Nanook led the way as the three trudged up the steps of the broad wooden porch leading to the glass paneled French doors. The stain of the wood on the doors and immediately surrounding them was a slightly different shade, Pyro noticed. The wood itself looked newer, as if someone had made repairs not long ago. Quietly, she wondered if the old house had been besieged by termites. From what she’d read, they liked moist environments the best.
The interior of the house was dim, and Pyro blinked as her eyes adjusted to the extremes in lighting. Then, she blinked again. If the decorations on the exterior of the house were bizarre, the ones inside were ten times more so. The most commanding thing in the room was a huge, stuffed lion, with its fangs bared and its front claws extended. Everywhere she looked, there were antlers, deer heads and animal skulls mounted on the walls. The furniture was old, but well preserved. A woven Indian blanket covered the back of the couch. As far as she could tell, it was hard to guess that a woman actually lived here. In fact, she wouldn’t be surprised if Michael Myers himself did instead.
“Welcome to the Texas Chainsaw Massacre. This is actually my Grandfather’s stuff. He’s into stuffing things,” Sam explained helpfully.
“Yeah, I guess,” Pyro muttered.
Two wooden sliding doors concealed another room right off the living room. These doors suddenly slid open, and an elderly man with a grizzled, white beard peeped out.
“I see our company is here,” he grunted.
“Yes, Dad, this is the young lady that is renting Michael’s room. She likes to be called Pyro,” Lucy said.
“Hmmmph. Well, be sure Pyro knows the rules,” the old man stated.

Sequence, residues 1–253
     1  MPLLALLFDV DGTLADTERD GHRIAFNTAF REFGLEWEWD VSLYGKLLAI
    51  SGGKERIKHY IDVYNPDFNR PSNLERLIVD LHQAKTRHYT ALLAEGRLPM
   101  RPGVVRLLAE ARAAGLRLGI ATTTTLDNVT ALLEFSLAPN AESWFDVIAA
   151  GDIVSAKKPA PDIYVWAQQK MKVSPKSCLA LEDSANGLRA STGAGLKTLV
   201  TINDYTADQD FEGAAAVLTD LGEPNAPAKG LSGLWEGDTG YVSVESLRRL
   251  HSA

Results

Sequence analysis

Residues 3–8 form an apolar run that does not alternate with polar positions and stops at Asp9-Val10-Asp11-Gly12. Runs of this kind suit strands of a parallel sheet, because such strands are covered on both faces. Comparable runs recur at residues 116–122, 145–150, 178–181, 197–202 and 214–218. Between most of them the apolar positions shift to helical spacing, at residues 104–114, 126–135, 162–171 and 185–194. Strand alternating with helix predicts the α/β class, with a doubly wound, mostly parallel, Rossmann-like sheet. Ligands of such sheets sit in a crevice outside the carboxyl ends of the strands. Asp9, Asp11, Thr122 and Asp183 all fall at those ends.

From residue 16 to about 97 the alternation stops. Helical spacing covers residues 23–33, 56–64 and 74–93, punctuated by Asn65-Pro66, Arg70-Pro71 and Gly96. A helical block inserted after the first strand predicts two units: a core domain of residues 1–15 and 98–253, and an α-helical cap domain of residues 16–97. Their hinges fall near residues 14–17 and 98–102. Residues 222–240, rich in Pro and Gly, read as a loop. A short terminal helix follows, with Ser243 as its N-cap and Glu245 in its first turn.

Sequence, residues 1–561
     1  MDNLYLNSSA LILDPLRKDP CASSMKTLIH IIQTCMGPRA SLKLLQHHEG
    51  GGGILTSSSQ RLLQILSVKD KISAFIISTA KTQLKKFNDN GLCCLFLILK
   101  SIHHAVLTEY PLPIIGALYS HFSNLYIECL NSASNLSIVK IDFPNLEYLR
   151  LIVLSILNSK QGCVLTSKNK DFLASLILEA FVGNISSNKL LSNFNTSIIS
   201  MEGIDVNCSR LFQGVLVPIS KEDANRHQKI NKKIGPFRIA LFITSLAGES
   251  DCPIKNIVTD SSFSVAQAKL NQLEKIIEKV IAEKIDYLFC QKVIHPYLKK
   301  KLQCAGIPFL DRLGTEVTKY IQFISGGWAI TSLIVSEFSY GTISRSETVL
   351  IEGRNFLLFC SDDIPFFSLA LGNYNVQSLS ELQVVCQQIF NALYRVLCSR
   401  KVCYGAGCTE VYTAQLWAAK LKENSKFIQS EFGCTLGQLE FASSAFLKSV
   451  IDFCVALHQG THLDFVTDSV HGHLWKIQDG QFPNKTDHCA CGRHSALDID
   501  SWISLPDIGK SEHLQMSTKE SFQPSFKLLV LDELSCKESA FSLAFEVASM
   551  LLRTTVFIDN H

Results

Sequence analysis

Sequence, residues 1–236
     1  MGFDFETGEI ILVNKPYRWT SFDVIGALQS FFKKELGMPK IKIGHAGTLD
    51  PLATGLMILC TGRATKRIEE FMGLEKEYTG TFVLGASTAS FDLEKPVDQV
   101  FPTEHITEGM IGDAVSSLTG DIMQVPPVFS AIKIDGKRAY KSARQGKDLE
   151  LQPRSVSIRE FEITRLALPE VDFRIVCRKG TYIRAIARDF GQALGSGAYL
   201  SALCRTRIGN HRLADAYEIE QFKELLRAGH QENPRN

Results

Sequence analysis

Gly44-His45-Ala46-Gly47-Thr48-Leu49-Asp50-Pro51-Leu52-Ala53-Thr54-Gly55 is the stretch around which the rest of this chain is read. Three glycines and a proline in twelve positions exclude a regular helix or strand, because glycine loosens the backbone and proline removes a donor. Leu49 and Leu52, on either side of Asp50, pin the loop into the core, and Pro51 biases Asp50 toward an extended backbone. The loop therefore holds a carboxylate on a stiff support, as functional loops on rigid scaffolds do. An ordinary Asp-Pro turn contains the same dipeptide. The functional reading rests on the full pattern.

“Of course, Dad. But she’s had a long trip. I’d like to get her settled.”
The old man said nothing. Then, the doors slid shut as suddenly as they’d opened.
“Rules?” Pyro asked with some alarm.
“Yeah, rules. We have rules around here, at least so Grandpa says. The most important thing is to never eat anything off the second shelf in the fridge. That’s his. Oh, and don’t peel the label off the TV guide when it comes in the mail. He’s really particular about that….but here’s the real kicker…,” Sam explained as he led the way up the stairs to the second floor.
“The kicker?” Pyro asked, feeling her curiosity pique in spite of her exhaustion.
“Yeah, the real kicker is that we don’t even have a TV. He just thinks that if you read the TV Guide, you don’t need one…”
“No TV?” Pyro echoed.
“Yeah. Sucks, don’t it? I’ve been without MTV for a whole year! You wouldn’t happen to have stashed a TV in any of your bags, would you?”
“Uhhh, no. I’m afraid I forgot that at home,” she replied.
“Oh, well. So much for hope,” Sam replied half seriously.
Lucy brought Pyro to a bedroom and showed her inside.
“This was my son, Michael’s bedroom, but he’s away at college in Phoenix this year, so now it’s your room for as long as you stay,” she explained. The cheerful edge to her voice was suddenly laced with melancholy.
Pyro knew, from the phone interview she’d conducted with Lucy last week that she had a college age son who’d recently vacated his bedroom. Now, she would be renting it while she began her own college career at the University of Santa Carla.
Several weeks earlier, Pyro had started purchasing copies of the Santa Carla Sentinel at the largest newsstand/bookstore in Tucson. It was the only store in town that carried it, but it was essential that she read the classifieds on a regular basis. Though she had been awarded a generous scholarship and was also slated to receive financial aid for her tuition and book costs at the University, she quickly found that it would be too expensive to live on campus at any of the dormitories. Since Santa Carla was a tourist town situated on the California coast, rents on studio apartments; even ones some distance away from the University…(and even those reputed to be in the seedier parts of town) were astronomical. Pyro had arrived at the conclusion that she’d have to find a bunch of roommates to share an apartment with, or she’d have to rent a room from someone advertising a rental in their own home. Luckily, she found that many folks in Santa Carla with a spare room were advertising for tenants. It was one way to meet the cost of living in such an expensive place.